Yeah that's similar. I'll just add that switching from having someone deal with regular shield pressure timings to movement timings/spacings is pretty taxing mentally.

It's probably working well for you because people expect so many lasers and staying around the same space and not approaching too much or too quickly, so when you do it it rightly throws them off. It's also weird in general for Falco to laser that infrequently between actions so you're playing on their meta knowledge. But yes as you've noted, sometimes laser is stronger when it's not being used. Perhaps you'd benefit from putting away the gun a little more in general, or playing matches without it entirely to see where it's truly useful and where it's keeping you from openings. Why shoot if it doesn't give you anything?

It's a fake on attacking directly and then hits their counter. It's great at making people scared of trying to counter approaches.

Depends on character/player/percent/positioning/conditioning to an extent. That said if you land with advantage such as being fairly close to them it's likely. If they're a less mobile character it's more likely. If they play more defensively it's more likely. If they have been hit recently it's more likely. If they're cornered and thus have less options it's more likely. If they're out of CC percent it's more likely. Etc.

There are probably some mid range ones I can react to, especially if I'm dashing back after laser. But yeah I might do things like dash back shield and if they don't PS I can just turnaround laser OOS and still maintain some advantage, or if Fox FHs over I can probably be more likely to Bair or at least WD OOS to avoid any problems. I'm also going to be shooting lower lasers, so I can just mix up jumping over and attacking people sometimes, or even moving farther away with something like WD/dash+WD and taking laser and jabbing/Ftilt'ing them. I don't have the full answers yet but I think these are good places I'll start at.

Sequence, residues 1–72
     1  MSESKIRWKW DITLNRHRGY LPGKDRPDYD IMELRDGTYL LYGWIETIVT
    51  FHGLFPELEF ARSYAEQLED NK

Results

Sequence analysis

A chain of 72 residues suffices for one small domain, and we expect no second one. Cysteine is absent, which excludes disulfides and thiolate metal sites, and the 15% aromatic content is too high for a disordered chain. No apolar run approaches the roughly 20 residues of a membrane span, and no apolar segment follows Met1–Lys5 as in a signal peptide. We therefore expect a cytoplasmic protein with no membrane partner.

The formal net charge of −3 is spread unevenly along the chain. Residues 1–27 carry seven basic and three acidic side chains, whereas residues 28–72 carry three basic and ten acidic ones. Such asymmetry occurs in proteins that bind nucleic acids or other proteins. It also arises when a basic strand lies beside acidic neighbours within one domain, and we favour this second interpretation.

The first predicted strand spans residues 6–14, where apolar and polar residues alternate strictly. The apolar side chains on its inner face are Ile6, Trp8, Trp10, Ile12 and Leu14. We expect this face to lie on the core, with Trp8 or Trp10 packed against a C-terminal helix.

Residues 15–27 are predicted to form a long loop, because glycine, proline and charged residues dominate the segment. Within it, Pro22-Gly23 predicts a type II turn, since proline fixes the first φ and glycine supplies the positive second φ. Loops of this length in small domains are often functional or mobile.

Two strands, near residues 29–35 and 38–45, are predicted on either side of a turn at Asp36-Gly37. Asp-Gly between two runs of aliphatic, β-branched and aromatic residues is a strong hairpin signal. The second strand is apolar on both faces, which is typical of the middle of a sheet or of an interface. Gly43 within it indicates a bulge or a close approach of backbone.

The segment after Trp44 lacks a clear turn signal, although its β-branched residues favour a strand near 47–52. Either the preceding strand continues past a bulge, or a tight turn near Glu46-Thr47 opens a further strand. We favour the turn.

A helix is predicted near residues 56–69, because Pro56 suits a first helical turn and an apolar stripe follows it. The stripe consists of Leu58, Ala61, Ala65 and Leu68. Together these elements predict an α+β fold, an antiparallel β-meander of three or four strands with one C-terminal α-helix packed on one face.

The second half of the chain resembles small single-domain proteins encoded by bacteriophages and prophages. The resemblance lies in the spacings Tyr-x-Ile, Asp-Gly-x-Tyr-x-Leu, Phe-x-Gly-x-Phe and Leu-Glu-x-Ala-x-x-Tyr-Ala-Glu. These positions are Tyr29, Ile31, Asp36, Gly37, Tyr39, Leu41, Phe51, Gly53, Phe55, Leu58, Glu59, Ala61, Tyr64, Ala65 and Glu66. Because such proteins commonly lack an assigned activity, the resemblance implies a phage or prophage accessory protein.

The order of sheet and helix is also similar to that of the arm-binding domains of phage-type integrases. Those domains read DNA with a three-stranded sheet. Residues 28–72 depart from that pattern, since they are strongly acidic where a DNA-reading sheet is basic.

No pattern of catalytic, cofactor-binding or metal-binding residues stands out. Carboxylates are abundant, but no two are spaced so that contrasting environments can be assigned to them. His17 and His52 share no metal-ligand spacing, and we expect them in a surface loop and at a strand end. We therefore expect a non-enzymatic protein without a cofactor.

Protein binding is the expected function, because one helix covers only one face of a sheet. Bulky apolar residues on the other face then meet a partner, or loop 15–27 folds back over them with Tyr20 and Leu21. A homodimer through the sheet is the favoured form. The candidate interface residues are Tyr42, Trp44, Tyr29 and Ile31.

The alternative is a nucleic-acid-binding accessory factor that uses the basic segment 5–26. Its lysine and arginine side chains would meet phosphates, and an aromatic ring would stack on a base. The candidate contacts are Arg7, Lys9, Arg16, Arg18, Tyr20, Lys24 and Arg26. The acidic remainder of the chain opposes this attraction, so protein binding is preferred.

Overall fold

I've been really trying recently to understand falco more and have some questions and just wanted to dump them out in no special order.

How good is aerial shine -> Waveland down on shield when approaching in general? the situation I'm referring to is when you laser someone's shield and they assume you're going to Laser -> high Dair. I'm assuming it's pretty bad at higher level, but it seems pretty decent for players around and above my skill level.

When it comes to finishing combos, I always feel that I end them too early with a bair/strong nair, or i drag them out and the opponent is at 140% but I didn't look for a kill setup so they just sorta live. Is there any good way to be more cognizant of kill options mid combo other than experience?

No matter how much I get used to utilizing more options off the ledge, I really feel it's impossible to reset neutral or even just get my footing. I always feel locked in or just stuck 90% of the time I come off the ledge. I don't know if it's the people I play against, or it's just mental. Not sure if any of you have heard of this problem, but I really feel like it's stumping my growth.